Then brings up a good point — our president would rather meet peaceful protesters with force than acknowledge any wrongdoings by police officers. In fact, he would rather contest these wrongdoings by making statements that actively deny the presence of inequality in the U.S. as it is today. When prompted by reporters to give a message to the public regarding the lack of justice, the president responded with a cold, inaccurate, and insensitive statement: “Well, my message is that I love the Black community and I’ve done more for the Black community than any other president, and I say with the possible exception of Abraham Lincoln, and I mean that, with opportunity zones, and with criminal justice reform, with prison reform, with what we’ve done for historically Black universities, colleges, schools. . . . Abraham Lincoln, let’s give him the nod, but beyond that, nobody’s done more. I love the Black community.” Wow, there’s a lot to unpack here.

First of all, he’s just praising himself and not addressing the actual issue at hand. As for claiming to be the most helpful leader for the Black community our country has ever seen, even if that were true — which it’s not — a person can still be racist and take actions that are beneficial for the groups they oppress. For example, Abraham Lincoln was a White supremacist who had no intention of emancipating slaves when running for office. However, once in office, he only took the actions we praise him for, for other political motives. Saying “I love the Black community” doesn’t automatically erase years of prejudicial statements and actions that he has taken against the people that he “loves.”

Personally, I am furious about the events leading up to and including Sept. 23; I despise the men who murdered Ms. Taylor as well as the system that legalized it. Many people seem to think that BLM is a new “trend” that only came to be in the last decade, and while it’s true that the movement itself started in 2013, Black men and women have been oppressed since the moment the first slaves were pushed from boats onto American beaches, and these men and women have been angry the entire time. Once White people joined the fight against White supremacy, any small victory the Black community earned was weaponized by other White people and used to declare the end of racial injustice. However, the recent string of protests was not sparked by any one tragedy but rather by the culmination of hundreds of years of oppression exposed and relived after a cascade of wrongdoings. From Emmett Till to Tamir Rice, Trayvon Martin to Michael Brown, Atatiana Jefferson to George Floyd, Breonna Taylor is yet another name added to the list of those wronged by the U.S. government as a result of racial bias. We must do everything we can as citizens of the U.S. to improve the state of this nation for all who live here. It is our responsibility as Americans to take a stand against oppression, not passively spectate and allow it to continue.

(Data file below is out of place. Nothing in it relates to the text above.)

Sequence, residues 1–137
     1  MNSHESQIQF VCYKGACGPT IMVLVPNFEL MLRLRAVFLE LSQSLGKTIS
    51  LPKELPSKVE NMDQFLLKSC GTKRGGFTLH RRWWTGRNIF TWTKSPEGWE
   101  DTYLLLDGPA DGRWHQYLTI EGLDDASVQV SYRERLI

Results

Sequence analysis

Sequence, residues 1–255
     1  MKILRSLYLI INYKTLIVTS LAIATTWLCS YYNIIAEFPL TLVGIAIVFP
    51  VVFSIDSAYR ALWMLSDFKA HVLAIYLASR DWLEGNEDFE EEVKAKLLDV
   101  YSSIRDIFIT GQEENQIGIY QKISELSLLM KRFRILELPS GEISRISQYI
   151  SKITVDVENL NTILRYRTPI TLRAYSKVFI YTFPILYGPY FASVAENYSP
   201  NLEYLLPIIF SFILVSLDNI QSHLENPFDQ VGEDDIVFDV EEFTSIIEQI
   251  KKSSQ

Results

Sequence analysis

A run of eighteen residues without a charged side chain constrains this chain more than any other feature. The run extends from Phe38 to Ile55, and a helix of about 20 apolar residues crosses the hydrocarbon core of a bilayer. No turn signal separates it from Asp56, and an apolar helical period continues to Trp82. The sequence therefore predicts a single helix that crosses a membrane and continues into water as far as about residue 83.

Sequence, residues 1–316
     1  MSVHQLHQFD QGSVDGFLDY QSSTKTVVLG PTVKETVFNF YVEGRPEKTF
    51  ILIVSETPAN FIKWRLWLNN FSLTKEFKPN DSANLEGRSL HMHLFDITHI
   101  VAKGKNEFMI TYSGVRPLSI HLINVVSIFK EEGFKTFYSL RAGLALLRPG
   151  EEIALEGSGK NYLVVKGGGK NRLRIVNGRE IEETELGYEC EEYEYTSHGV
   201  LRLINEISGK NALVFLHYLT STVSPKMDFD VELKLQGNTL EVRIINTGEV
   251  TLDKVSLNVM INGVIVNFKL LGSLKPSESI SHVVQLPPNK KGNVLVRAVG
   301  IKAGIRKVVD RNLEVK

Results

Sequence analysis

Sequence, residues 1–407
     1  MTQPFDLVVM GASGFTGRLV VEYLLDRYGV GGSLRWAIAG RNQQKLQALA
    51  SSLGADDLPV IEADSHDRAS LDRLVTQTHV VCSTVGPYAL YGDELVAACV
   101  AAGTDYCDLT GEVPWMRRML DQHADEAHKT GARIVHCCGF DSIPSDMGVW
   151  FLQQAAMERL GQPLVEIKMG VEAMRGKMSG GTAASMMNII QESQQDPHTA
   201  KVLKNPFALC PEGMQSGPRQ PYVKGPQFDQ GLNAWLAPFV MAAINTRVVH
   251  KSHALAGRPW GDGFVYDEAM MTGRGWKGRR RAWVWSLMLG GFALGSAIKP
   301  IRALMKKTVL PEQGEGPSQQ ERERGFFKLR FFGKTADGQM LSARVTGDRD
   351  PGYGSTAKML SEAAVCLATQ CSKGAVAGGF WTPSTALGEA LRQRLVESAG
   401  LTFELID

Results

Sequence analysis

Featured Image: Sage Amdahl / Quaker Campus

Previous Post

Premier League Table Prediction: The Top Teams

Next Post

Trump on Full Display as Biden Holds Back

Leave a Reply

Your email address will not be published.

Next Post

Trump on Full Display as Biden Holds Back